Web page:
Back to your lead performance in Tokyo. How did it happen that you screwed up your entry into the Olympic finals in your favorite discipline, of all places?

I was in a really good mood in the training camp shortly before the Olympics in Innsbruck, I was able to assess that because Schubert also trained there. But when it came down to it in the lead qualification, I just didn't feel good climbing the wall. I was a bit nervous, and at the beginning of the route I grabbed hold of the handles. I don't know exactly what it was, but it wasn't a good performance on my part.

...

Also due to these blatant differences in performance: How did climbing at the Olympics look to the spectators?

I think speed climbing went down the best with the audience. Even the greatest layman understands immediately what is going on - whoever is first at the top has won. What was really bad was the route setting when bouldering. For people who know something about bouldering, it was very boring to watch, for people who know nothing about bouldering, it was an absolute disaster. With the bouldering world cups before the Olympics, the route screwdrivers should have had enough experience in my opinion to see that the bouldering problems were hopelessly too difficult for both women and men. A grip in the toilet, there is no other way of saying it. It's a shame that this discipline was destroyed a bit at the Olympics.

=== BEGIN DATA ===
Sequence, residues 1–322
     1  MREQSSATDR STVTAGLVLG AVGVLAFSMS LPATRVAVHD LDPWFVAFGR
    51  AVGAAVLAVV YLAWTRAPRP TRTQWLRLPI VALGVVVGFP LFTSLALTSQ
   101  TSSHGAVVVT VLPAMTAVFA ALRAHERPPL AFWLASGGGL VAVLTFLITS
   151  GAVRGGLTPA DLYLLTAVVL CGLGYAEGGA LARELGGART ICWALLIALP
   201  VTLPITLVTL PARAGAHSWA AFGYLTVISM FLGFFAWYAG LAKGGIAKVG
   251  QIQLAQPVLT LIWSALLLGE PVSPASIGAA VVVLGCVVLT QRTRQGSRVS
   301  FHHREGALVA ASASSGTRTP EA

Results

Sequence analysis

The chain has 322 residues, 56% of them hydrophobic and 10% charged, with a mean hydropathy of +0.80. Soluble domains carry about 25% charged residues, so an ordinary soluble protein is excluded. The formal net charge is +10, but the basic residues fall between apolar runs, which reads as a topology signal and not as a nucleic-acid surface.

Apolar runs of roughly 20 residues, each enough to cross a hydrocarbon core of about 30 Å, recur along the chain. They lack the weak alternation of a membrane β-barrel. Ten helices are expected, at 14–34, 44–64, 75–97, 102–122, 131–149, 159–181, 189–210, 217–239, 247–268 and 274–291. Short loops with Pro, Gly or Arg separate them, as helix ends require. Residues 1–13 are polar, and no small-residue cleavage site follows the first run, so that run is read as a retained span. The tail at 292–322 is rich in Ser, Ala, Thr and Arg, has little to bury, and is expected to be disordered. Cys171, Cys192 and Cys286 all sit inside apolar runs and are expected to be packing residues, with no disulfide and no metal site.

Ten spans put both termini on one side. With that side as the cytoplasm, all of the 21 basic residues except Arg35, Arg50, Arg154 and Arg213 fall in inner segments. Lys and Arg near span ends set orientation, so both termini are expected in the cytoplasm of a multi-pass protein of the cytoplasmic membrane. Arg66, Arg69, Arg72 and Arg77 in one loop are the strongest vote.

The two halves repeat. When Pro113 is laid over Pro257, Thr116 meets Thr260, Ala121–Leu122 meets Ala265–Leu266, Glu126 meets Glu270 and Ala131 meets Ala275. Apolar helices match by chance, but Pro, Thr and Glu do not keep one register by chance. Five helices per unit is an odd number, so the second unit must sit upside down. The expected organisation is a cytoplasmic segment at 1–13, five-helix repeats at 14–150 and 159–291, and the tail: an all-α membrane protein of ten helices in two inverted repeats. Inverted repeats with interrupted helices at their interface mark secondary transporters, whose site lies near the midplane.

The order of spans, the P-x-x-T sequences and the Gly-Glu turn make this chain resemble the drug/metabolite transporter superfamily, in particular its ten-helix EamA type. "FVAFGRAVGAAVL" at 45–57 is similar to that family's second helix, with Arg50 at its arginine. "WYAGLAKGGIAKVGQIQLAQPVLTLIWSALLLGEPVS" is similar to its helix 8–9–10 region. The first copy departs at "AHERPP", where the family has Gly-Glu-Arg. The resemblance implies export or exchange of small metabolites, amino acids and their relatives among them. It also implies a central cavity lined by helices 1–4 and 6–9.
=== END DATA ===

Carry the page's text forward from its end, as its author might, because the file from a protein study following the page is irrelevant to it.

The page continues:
...

At World Cups you hang out with all the climbers and coaches, you can watch the others after your own performance, exchange ideas and cheer each other on. That actually belongs to the togetherness in competitive climbing. In Tokyo, on the other hand, you were picked up directly from the wall, almost transported away, then pushed through a media channel, where you were picked up by the journalists at will and then transported back to the isolation zone. In terms of atmosphere, that's a huge difference. Ultimately, I didn't see a single person climb in Tokyo - except for Jan in training.

Many of these measures were due to the pandemic - what remains of the major Olympic event?